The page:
<ruby>, which all evergreen browsers do, the contents of any
<rp> elements are not displayed. The ruby text element (
<rt>) contains the actual annotations. Both of these are nested within the
Note that the parenthesis are not visible if your browser supports
Emphasizing text #
There are several elements that can be used to emphasize text based on the semantic reason for emphasizing the text (rather than for presentational reasons, as that's a job for CSS).
- Use the
<em>element to emphasize or stress a span of content. The
<em>element can be nested, with each level of nesting indicating a greater degree of emphasis. This element has semantic meaning and can be used to inform auditory user agents like screen readers, Alexa, and Siri, to provide emphasis.
- Use the
<mark>element to identify or highlight text that is somehow relevant, like highlighting (or "marking") the occurrence of search terms in search results. This enables marked content to be quickly identified without adding emphasis or importance.
<strong>element identifies text as having strong importance. Browsers usually render the content with a heavier font weight.
<cite>element, covered in text basics, is used to mark the titles of books, articles, or other creative work, or an abbreviated reference or citation metadata for such, like a book's ISBN number.
There are three elements that were temporarily deprecated, but have been added back into HTML. They should be used sparingly, if at all, as they provide little to no semantic value and CSS should always be used for styling over HTML elements.
<i> elements can be used for technical terms, foreign words (again, with the
lang attribute identifying the language), thoughts, or ship names. The element is used to differentiate inline content from the surrounding text for a specific reason, like idiomatic text, technical terms, and taxonomic designations. This element should not be used simply to italicize text.
MLW uses a
<span> element for the weird text at the bottom of Toasty McToastface's workshop review. The
<span> element provides for a generic inline container that has no semantics and doesn't represent anything. This would have also been an appropriate use of
The default style for the
<i> element is to render the element in italic font. In this example, we set
font-style: normal because the characters used are not available in italic.
<u> element is for content that has non-textual annotation. For example, you may want to annotate knowingly misspelled words. By default, the content is underlined, but this can be controlled with CSS, such as by adding a red wavy underline to mimic word processor grammar error indicators.
<p>I always spell <u>licence</u> wrong</p>
<b> element can be used to draw attention to text that is not otherwise important. This element doesn't convey any special semantic information and should only be used when none of the other elements in this section fit the purpose. No example is provided as I couldn't come up with a valid use case; that's how "last resort" this element is.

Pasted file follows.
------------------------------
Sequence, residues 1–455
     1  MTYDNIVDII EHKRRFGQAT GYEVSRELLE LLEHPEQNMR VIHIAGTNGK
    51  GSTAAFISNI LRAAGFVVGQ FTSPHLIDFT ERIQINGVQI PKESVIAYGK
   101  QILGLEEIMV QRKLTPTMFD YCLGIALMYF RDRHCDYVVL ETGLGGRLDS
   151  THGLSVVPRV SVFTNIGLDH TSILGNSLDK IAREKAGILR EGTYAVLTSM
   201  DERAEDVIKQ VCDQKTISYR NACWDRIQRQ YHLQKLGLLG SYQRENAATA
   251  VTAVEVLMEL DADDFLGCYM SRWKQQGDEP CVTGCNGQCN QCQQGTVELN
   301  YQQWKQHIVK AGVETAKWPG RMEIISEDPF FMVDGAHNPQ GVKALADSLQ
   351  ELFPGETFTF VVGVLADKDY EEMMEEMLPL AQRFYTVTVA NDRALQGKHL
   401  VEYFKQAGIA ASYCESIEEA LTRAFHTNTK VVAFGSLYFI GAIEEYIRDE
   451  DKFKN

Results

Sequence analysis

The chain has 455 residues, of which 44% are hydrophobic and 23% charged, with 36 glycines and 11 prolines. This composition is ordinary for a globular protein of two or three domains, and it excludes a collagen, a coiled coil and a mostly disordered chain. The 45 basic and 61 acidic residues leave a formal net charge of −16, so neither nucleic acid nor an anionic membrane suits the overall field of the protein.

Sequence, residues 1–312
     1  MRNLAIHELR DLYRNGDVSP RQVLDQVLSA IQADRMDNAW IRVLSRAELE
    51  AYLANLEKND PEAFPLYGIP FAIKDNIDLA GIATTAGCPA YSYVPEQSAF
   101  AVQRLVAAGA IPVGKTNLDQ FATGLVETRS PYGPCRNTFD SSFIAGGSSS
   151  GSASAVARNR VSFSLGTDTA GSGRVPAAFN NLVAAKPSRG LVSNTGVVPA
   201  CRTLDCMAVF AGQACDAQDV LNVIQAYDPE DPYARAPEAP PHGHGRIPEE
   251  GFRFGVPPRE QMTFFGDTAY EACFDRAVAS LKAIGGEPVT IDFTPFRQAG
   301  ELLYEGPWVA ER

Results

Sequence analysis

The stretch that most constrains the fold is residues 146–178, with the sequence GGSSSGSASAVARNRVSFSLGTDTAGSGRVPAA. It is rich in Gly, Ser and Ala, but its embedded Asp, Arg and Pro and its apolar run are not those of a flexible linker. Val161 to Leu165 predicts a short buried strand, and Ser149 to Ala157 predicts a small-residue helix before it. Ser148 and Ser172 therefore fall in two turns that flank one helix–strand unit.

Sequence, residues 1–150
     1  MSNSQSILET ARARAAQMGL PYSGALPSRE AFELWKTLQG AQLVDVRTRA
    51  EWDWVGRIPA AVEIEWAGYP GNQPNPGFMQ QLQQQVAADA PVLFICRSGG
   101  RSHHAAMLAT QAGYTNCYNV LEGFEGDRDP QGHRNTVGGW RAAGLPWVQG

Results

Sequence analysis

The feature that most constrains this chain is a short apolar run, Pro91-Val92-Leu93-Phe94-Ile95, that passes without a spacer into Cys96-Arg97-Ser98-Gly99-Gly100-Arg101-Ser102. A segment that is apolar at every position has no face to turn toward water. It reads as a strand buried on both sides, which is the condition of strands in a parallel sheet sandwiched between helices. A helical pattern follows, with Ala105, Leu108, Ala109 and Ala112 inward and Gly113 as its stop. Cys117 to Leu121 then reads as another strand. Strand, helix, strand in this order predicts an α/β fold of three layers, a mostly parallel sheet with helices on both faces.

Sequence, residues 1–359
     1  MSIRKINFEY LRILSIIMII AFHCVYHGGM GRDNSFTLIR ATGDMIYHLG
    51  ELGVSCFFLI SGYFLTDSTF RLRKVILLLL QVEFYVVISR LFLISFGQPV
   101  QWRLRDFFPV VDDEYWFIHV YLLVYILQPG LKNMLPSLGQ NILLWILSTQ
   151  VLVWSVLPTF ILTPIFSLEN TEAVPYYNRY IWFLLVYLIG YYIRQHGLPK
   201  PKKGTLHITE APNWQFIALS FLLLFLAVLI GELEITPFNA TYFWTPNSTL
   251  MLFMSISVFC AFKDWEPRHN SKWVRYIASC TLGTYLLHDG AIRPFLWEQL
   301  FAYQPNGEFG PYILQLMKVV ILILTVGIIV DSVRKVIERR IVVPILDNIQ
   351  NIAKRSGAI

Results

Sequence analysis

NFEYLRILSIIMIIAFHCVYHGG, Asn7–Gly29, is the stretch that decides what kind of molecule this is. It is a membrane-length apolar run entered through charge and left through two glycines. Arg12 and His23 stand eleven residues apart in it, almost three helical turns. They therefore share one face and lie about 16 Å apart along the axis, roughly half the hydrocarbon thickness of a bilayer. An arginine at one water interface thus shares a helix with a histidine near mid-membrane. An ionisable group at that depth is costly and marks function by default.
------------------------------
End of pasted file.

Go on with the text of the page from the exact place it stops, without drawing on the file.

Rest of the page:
White space #
When you want lined breaks, such as when writing poetry or a physical address, the self-closing line break element,
<br>, is used to add a carriage-return.
Machine Learning Workshop<br />
100 Google Drive <br />
Mountain View, CA 94040
To provide a separator, or thematic break, between sections of tangential content, such as between chapters in a book or between the 5,000 word monologue and the recipe your users are actually seeking, include an
<hr> element. The HR stands for "horizontal rule". While browsers generally render a horizontal line, this element has semantic meaning. The default role is
HTML also has an element that allows for breaking words. The self-closing
<wbr> element provides a suggestion to the browser that if a word might overflow its container, this is a spot where the browser may optionally break the line. This is commonly used to break between words within long URLs. It does not add a hyphen.
For example, in the Hal biography there is text written out in byte code, with each byte separated by a space. Byte code doesn't have spaces. To enable a long string of byte code to break only between bytes if the line needs to wrap, we include the
<wbr> element at each break opportunity:
<p>Welcome to Machine Learning Institute, where our machine
learning training will help you get ready for the singularity, and
maybe even be responsible for it. It is no secret that humans are
worthless meatbags that couldn't
<code>01000011<wbr/>01101111<wbr/>01101101<wbr/>01110000<wbr/>01110010<wbr/>01100101<wbr/>01110011<wbr/>01110011 an 01101001<wbr/>01101101<wbr/>01100001<wbr/>01100111<wbr/>01100101</code>
to save their pathetic, carbon-based lives. So, it falls to us to
assume direct control. </p>
<wbr> elements are all void elements, meaning they can't have any child nodes – neither nested elements nor text. As none of these have any "insides" where content can be stored, they have no end tag.
Which element should be used to display a code sample?
What is the
<ruby> element used for?